School exams given in Poland as teachers' strike drags on


WARSAW, Poland (AP) — Middle school students in Poland took important exams Wednesday even though a nationwide teachers’ strike entered its third day, forcing exam authorities to ask for help from retired teachers, religion tutors and those not on strike.

The exam in humanities for around 350,000 students was held in all schools but one, in the western village of Owinska, where extra help for the exam team wasn’t provided in time. Tests in mathematics and foreign languages will be held Thursday and Friday.

The indefinite strike began Monday after pay negotiations with the government failed. Teachers’ monthly net earnings range from 1,800 zlotys to 3,000 zlotys ($470 to $780).

Deputy Prime Minister Beata Szydlo thanked school directors for making the exams possible and urged striking educators to accept the government’s offer, which unions have repeatedly rejected.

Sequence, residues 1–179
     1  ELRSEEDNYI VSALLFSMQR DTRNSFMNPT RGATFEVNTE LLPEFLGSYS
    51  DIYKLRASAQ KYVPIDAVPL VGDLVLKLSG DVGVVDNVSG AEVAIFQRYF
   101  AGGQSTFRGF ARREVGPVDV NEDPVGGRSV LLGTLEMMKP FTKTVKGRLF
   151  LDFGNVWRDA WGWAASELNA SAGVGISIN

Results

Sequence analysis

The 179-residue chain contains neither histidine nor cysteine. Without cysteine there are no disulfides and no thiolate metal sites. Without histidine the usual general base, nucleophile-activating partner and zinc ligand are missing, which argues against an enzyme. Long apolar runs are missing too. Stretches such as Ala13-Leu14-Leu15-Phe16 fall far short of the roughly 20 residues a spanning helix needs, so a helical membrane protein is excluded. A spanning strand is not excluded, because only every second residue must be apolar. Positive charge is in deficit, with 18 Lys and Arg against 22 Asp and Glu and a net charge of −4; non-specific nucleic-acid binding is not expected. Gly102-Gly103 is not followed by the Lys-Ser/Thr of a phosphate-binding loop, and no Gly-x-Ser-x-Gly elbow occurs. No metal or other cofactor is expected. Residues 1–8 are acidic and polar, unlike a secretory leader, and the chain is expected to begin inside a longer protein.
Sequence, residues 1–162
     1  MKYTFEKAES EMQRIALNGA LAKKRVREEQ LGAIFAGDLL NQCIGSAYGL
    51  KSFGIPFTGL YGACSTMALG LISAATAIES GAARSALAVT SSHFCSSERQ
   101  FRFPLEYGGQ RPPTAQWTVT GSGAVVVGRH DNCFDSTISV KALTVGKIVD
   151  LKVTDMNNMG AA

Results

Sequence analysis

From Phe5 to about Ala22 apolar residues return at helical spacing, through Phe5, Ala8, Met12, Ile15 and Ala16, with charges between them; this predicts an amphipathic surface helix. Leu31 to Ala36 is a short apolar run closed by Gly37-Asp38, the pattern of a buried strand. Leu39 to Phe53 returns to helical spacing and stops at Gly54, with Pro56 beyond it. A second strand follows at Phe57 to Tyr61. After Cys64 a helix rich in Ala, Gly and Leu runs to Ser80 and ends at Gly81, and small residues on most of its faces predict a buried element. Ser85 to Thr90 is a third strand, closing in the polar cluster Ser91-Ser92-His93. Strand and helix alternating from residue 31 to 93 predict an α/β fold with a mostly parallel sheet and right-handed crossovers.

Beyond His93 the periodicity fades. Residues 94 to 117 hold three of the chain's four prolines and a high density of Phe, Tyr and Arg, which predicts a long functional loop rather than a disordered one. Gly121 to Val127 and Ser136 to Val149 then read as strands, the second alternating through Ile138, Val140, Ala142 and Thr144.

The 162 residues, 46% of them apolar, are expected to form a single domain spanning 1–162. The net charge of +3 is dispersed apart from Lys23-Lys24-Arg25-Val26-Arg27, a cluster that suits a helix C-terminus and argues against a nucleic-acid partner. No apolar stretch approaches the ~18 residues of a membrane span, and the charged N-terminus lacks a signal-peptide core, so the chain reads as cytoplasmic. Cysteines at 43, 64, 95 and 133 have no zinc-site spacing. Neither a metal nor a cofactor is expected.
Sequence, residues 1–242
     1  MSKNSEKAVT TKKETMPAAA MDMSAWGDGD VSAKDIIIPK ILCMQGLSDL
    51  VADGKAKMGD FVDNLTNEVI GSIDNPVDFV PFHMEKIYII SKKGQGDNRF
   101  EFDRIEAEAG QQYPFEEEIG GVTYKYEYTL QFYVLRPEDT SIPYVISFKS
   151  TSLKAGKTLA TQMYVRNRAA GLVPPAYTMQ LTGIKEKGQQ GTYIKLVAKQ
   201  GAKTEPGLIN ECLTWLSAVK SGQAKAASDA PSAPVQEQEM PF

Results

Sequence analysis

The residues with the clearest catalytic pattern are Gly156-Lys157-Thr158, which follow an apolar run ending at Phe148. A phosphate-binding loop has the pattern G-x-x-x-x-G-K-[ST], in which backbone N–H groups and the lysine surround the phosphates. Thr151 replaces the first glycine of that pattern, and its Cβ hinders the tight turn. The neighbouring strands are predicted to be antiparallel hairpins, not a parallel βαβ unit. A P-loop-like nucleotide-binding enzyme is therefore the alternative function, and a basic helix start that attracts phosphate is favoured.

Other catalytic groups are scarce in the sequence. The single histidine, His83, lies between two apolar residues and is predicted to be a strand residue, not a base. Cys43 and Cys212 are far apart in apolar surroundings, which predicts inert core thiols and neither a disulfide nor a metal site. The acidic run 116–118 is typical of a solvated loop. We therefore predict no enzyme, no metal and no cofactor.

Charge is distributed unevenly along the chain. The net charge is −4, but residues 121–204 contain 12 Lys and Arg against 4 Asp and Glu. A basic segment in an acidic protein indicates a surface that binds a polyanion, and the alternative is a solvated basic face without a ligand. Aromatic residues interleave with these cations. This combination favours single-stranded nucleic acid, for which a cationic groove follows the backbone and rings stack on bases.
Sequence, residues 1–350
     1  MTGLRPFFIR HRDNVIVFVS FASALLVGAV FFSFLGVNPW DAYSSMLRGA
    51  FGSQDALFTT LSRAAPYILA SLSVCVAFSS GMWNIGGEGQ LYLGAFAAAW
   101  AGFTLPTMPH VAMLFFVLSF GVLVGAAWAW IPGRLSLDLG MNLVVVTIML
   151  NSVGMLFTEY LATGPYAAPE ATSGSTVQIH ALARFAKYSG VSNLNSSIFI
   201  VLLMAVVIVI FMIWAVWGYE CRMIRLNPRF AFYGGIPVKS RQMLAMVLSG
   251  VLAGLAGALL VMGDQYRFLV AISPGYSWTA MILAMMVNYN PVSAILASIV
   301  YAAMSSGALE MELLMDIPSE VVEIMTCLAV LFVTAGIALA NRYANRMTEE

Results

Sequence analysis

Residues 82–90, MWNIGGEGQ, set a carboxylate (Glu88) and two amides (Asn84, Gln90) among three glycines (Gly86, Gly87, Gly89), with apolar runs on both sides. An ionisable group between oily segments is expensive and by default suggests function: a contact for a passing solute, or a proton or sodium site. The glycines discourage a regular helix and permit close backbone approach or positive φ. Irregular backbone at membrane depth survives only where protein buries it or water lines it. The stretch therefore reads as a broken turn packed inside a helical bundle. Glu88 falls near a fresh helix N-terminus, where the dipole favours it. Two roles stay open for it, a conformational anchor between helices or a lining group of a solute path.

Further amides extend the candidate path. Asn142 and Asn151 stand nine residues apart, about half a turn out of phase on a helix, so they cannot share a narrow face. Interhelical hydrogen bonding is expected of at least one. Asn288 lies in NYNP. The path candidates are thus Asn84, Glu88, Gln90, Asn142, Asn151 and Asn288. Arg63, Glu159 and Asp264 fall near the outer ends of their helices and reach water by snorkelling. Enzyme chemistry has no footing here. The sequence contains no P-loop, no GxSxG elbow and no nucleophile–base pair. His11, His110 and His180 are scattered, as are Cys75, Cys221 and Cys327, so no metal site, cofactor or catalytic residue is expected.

Teachers want an immediate 30% pay increase. But the government has said it will accelerate a planned increase of around 15% and introduce a new remuneration system, which would substantially raise salaries but also increase the number of lessons a teacher gives a week to 24 from the current 18.

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The teachers’ unions warned that the nonstandard way the tests were being held could undermine their validity.

Students at a school in Warsaw who spoke to The Associated Press didn’t think that the strike added to their stress and said they supported the teachers’ demands for higher pay.

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